Saturday, November 18, 2017

November Obsessions

Yes.

I have a problem.

And it's name is Stranger Things (1&2).  Specifically Steve Harrington's hair and everything Jim Hopper.  Like EVERYTHING Jim Hopper.  I can't even handle it.  David Harbour is literally perfect in this role.  Everything about him is masculine, a little messy and a little messed up.  He's the kind of guy (take your pick, Hopper OR Harbour) that you want to have build you a cabin and then stay there with you... it's very nearly too much.  I digress, though.  I loved the first season for it being it, and the second season was everything I wanted it to be.  Funny, irreverent,... Sean Astin.  Win all around.  I told Steve the other day that if you could guarantee I'd have a kid like Mike or Dustin, I'd have a kid tomorrow.  (Also, the Jim Hopper link is the dullest I could find.  Do some digging.  Be a detective.)

Because in my heart of hearts I'm not only mostly a twelve year old, I'm also a little bit of a fifteen year old teenaged girlie.... I'm sorry, I have to do it.  This guy.

When It's Cold I'd Like To Die.  The title is only creepy if you dwell on it for too long.  The simplicity of it, the ambiance, it's worth a listen- especially now when the days are getting shorter and the dark is getting darker and the ocean is right outside.  

Look, I'm not high fashion.  In fact, 5 out of the last seven days have seen me in some sort of flannel apparel- and I don't even own 5 different items of flannel clothing- so do the math there.  I do at least two hours of yoga every day so I'm more often than not sporting leggings and functional tops.  Basically I wear pajamas all day every day.  ... What I'm saying is try not to judge me too harshly regarding the next few items...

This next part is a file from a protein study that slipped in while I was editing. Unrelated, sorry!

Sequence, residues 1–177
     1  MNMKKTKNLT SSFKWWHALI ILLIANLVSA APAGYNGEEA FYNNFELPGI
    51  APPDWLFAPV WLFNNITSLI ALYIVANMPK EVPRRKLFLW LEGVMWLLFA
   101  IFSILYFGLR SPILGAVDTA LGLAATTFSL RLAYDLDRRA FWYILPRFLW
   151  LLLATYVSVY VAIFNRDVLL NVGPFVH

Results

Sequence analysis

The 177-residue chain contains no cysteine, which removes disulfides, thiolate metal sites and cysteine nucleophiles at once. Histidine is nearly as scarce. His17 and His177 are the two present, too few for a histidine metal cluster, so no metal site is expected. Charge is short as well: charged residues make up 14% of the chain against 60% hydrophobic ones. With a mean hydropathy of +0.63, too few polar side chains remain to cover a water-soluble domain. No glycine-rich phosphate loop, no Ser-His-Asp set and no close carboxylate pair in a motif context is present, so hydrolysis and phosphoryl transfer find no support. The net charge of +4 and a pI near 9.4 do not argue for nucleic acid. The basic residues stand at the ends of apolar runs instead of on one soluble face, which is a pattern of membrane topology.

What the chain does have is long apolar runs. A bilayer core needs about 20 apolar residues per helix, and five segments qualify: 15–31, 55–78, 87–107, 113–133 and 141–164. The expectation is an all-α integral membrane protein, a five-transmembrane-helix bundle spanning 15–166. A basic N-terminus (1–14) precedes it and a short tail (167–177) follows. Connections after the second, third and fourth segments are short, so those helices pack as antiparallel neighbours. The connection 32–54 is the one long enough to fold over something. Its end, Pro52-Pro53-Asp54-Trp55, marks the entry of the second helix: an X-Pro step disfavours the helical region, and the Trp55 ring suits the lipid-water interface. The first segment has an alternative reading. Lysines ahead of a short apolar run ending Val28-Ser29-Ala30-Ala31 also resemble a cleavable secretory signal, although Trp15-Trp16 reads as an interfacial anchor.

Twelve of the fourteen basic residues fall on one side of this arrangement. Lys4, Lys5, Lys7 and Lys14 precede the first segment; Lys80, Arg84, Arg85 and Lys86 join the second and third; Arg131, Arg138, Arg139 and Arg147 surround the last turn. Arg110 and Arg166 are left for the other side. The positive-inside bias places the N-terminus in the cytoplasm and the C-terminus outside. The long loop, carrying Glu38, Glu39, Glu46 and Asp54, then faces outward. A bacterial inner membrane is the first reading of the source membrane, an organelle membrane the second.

The other day I was looking on Neiman Marcus' website and ran across a Burberry dress that I immediately began drooling over.  The lines, the simplicity, the elegance.  The most perfect little black dress ever.  Yes please.

These boots.  After having lived in Norway for about two minutes, boots became a thing.  I have a lot of them.  I might have too many of them.  But it's frequently boot weather here: cold; cold and windy; gale force wind and raining; raining and cold; sudden strong hail; the list goes on and on.  Boots are my friends, and these should be yours too.  Specifically ones with sheepskin lining to keep toes warm and spirits up.

Also, these boots.  Because... sparkle.

And this sweater.  Hello winter.  Hello Christmas Wishlist.

(Also hello my old obsession with J. Crew.  I thought I rid myself of that back in my late teens but apparently they have started to cut clothes that I like again- and that fit me the way clothes should fit.)

And now I'm off to make pound cake truffles.  No recipe link here... I'm winging it.

Until next time....


You're welcome. 



Monday, November 6, 2017

Mixed Messages.

Lately I have been asking myself if I am leading a good life.  It has been on my mind a lot: whether the life that I lead is one of mindfulness, grace and goodness.  Am I conscientious?  Do I proceed with care?  I ask myself whether I am doing the right things and making the right decisions.  I ask myself if I am helping or hurting, if my horrible bitchiness is a systemic problem or just a periodic one.

But there's no easy answer to any of those questions- they are impossible to even begin to tackle.